9 March 2004 Civil liberties groups are making a last-ditch attempt to water down a proposed new European Union directive on intellectual property rights, which they say will lead to a blizzard of law suits against many businesses and individuals.
The Intellectual Property Rights Enforcement Directive, currently being debated in the European Parliament, is intended to crack down on organised piracy and counterfeiting in the EU.
However, critics claim that the directive gives large companies seeking to protect their intellectual property too much power. They even suggest that raids on small companies or individuals, the seizing of evidence and the freezing of bank accounts, could all become commonplace if the directive is allowed to go through.
“This directive treats consumers as if they were large commercial counterfeiters — even for a single, unintentional, non-commercial infringement,” said a group of activists called Campaign for Open Digital Environment (CODE).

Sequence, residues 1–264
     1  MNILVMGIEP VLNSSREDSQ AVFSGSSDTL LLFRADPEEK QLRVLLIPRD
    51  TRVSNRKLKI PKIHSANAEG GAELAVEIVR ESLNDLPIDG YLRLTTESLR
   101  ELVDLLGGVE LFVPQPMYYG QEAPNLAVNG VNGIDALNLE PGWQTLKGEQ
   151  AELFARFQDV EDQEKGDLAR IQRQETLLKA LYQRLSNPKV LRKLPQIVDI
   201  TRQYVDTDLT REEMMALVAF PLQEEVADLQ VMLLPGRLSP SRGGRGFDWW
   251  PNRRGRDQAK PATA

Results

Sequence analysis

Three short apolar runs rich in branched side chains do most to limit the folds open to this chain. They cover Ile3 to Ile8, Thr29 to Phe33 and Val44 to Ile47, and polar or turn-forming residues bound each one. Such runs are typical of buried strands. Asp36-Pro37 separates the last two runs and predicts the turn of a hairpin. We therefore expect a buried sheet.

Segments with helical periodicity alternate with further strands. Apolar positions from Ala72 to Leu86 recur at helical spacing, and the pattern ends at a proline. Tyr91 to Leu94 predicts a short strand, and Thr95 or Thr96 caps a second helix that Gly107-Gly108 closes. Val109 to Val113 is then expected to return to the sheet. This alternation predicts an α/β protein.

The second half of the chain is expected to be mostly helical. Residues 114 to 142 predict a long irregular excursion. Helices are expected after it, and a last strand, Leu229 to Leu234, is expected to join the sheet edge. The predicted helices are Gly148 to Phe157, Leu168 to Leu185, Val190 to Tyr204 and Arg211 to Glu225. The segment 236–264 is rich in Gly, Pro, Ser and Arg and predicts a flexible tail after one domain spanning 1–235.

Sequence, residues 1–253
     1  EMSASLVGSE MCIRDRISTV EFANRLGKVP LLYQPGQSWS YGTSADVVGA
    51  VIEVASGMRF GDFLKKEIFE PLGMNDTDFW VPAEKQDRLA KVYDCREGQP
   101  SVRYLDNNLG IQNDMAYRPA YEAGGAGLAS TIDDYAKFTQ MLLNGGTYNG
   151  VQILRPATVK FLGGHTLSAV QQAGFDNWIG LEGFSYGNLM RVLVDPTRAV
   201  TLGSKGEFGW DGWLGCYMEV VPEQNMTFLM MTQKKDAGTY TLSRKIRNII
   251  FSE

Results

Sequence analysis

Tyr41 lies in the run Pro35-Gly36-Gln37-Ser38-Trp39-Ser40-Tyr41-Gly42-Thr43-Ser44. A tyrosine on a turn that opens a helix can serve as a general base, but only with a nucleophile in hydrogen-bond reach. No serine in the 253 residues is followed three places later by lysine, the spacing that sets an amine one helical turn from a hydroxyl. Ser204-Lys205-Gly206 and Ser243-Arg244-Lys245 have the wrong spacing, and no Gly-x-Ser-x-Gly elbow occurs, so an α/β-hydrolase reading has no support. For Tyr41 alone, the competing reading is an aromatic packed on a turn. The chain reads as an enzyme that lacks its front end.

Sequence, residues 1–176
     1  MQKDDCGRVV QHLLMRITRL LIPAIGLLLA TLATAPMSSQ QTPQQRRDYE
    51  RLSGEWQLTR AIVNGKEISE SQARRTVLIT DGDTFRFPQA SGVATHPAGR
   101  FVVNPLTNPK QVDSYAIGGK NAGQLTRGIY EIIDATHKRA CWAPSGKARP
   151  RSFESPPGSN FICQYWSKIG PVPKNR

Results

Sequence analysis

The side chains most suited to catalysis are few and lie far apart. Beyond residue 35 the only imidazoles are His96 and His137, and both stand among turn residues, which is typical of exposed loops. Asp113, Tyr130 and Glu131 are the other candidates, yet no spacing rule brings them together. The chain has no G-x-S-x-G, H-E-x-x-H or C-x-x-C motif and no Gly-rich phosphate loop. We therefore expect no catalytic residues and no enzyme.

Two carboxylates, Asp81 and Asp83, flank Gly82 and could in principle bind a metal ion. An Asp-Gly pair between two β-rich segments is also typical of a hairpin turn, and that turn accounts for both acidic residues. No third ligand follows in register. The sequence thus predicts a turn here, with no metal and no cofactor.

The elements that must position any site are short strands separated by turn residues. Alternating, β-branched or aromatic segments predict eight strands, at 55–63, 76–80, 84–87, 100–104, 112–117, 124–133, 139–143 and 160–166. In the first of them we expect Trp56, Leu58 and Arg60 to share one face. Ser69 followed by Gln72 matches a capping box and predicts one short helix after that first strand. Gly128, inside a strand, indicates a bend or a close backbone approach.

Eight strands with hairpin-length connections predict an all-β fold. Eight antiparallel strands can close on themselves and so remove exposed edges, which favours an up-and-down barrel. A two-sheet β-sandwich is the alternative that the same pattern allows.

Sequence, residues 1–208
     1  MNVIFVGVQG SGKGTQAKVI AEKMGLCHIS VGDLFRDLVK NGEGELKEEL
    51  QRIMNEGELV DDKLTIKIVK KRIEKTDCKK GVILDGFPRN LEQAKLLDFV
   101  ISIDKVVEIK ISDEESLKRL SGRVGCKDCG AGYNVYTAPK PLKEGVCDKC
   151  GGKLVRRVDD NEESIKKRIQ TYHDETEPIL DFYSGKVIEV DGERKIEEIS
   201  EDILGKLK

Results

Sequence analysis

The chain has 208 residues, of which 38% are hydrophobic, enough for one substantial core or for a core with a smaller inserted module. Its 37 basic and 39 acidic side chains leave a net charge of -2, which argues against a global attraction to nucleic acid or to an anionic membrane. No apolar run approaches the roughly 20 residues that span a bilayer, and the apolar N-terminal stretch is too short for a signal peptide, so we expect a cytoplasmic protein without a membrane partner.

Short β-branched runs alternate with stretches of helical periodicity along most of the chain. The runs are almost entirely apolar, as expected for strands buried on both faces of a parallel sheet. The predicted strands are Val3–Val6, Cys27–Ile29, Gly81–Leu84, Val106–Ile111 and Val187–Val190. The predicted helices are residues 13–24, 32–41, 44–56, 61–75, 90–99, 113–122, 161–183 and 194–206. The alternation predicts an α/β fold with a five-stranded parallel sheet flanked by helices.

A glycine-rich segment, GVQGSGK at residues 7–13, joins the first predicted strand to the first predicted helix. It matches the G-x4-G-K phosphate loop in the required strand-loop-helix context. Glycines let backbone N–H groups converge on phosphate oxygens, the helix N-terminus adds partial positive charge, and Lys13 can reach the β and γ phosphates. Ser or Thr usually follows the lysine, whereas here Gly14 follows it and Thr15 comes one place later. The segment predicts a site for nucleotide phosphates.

Ian Brown of the Foundation for Information Policy Research (FIPR) warned: “It will lead to a flood of lawsuits against small businesses and consumers.”
A coalition of consumer rights groups, of which Brown is the director, is calling for MEPs to support a collection of amendments to limit the scope of the directive to commercial infringements only. More than 100 parliament members have already pledged their support.
However, the Business Software Alliance, an organisation that works on behalf of the world’s software industry, has been campaigning to broaden the scope of the directive.
It claims that 37% of software in Western European business is being used illegal and quotes IDC research which states that if the rate of software piracy in the UK was reduced from 25% to 15%, national income would increase by $18.5 billion (£10 billion). That would amount to $4.6 billion in tax revenue and 40,000 IT jobs.
But legal experts believe that the law will be toned down once it is debated in court.